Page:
Lying 35km east of Tangier, right on the Strait of Gibraltar, the new Tangier Mediterranean Port could hardly be better placed to win business from international shipping lines.
The port is on the crossing point of north Atlantic and Mediterranean trade routes. As well as providing an import and export route for goods entering and leaving Morocco, it will serve as a 'hub' for the transhipment of goods en route from one part of the world to another.
The port will handle some of the world's biggest ships. An estimated 25Mt of goods will pass through it each year. It will handle approximately 3M TEU containers - 20ft-equivalent units, the standard by which containers are measured. To give a sense of scale, all of the UK's ports together handle just over 7M TEU each year. It will also have a 12ha tank farm for storage of petroleum products.
The port is part of a larger regional development scheme, costing some $963M.
Associated works include construction of a railway line and new toll road network (see box). The normally quiet province is buzzing with activity as contractors race to complete the port and transport infrastructure ready for commencement of shipping operations next year.
French contractor Bouygues Construction won the $277M design and construct contract in June 2003, in a joint venture with Italian firm Saipem. Designer is Halcrow and the client is the Special Tangier Mediterranean Agency - part of the Moroccan government.
The 36 month construction programme includes work on two breakwaters, one of which is built from 40 precast reinforced concrete caissons in water up to 20m deep. It also involves 4,577,000m 3 of dredging and 660,000m 3 of rip-rap installation.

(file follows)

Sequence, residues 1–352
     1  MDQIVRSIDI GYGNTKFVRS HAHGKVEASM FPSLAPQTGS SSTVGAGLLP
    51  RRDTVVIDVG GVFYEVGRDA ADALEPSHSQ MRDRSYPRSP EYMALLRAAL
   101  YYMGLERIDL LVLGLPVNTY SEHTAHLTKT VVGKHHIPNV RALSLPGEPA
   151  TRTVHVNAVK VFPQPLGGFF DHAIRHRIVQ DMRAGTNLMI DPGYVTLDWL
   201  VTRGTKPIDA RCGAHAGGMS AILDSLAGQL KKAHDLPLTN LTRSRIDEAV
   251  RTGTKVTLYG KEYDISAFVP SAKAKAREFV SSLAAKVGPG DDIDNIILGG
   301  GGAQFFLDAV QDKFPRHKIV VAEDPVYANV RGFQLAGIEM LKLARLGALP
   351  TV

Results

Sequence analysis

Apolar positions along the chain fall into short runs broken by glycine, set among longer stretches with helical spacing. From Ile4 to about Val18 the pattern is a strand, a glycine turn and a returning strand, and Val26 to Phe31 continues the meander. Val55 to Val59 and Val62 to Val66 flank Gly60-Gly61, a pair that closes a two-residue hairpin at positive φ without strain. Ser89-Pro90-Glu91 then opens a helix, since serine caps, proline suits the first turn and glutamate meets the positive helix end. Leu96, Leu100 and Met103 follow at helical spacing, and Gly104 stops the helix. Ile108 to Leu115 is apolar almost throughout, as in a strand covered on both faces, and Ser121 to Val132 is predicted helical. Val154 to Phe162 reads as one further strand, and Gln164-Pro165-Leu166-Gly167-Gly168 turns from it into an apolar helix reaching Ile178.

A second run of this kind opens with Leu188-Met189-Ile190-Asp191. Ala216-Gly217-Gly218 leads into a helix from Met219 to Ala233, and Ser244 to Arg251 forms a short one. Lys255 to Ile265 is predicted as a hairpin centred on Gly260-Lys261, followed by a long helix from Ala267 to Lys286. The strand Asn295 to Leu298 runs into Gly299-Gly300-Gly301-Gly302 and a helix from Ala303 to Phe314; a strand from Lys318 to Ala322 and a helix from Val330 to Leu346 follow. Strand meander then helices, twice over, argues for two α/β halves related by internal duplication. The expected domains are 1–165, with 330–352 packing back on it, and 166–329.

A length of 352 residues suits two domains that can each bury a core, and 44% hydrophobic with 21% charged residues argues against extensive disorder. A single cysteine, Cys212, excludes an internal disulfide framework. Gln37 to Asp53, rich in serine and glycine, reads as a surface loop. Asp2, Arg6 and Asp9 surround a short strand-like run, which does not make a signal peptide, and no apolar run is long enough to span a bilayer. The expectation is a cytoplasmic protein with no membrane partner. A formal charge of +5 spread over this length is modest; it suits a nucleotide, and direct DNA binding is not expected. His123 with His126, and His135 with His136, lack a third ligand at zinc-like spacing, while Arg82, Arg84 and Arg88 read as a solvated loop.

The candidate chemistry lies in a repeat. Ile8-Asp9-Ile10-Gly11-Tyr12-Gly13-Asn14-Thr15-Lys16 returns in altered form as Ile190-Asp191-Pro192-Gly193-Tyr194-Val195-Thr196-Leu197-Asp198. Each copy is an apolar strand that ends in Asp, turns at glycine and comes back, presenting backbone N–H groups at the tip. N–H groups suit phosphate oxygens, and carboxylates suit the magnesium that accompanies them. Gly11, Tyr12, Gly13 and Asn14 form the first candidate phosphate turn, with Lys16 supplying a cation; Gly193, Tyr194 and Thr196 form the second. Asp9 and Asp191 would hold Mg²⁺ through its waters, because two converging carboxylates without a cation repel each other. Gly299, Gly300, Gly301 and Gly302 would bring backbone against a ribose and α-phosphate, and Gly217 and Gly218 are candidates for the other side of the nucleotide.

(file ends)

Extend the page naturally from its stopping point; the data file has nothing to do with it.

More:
In 2005, Bouygues won an additional $39.6M contract, adding design and construction of a new oil tanker berth and bulk goods quay to its scope of works.
Bouygues won the contract on the strength of its Halcrowinspired breakwater design that created 18ha more operating water within the port than allowed in the schematic design.
In shallow water the breakwater is fairly conventional, composed of 7,500 Accropodes laid to form a huge partially submerged bund. In deeper water of up to 20m, however, the Accropodes were replaced with a wall of massive concrete caissons. By providing a defensive structure with sheer walls, rather than battered slopes, ships will be able to manoeuvre closer to the breakwater than had previously been envisaged.
As well as freeing up space, the design presents a lower environmental impact by reducing the scale of the sea-bed ground works required and the volumes of the materials needed.
It also offered significant time savings during construction.
The design evolved following analysis of ocean currents and swell. The caissons in particular were subjected to physical modelling to test their stability and perfect their four-leafed clover geometry.
Research into concrete was also carried out to find a low shrinkage mix that would minimise cracking and remain impermeable and resistant to chloride attack over the port's 100-year design life.
The caissons are the height of 10 storey buildings and in plan are approximately 40m 2. Forty are needed to complete the breakwater wall. They have been cast at a rate of one every week in a fabricating yard on land.
Only the base and first 9m of the caisson walls are constructed before they are transferred to the water for completion - weighing in at 3,200t, the part-built caissons would be impossible to shift if construction were taken any further.
Transporters are used to move the caisson walls. Once in dry dock, a further 15m of height is added, bringing the total weight up to 6,000t.
Caissons are towed to site and sunk into position with the aid of GPS. To avoid battling with the currents that race through the Strait of Gibraltar, this is done during the period of slack water around low tide.
Once in place, the caissons are ballasted with 13,500 m 3 sand. Cast insitu, concrete is poured to bring the breakwater wall up to a total height of 35m.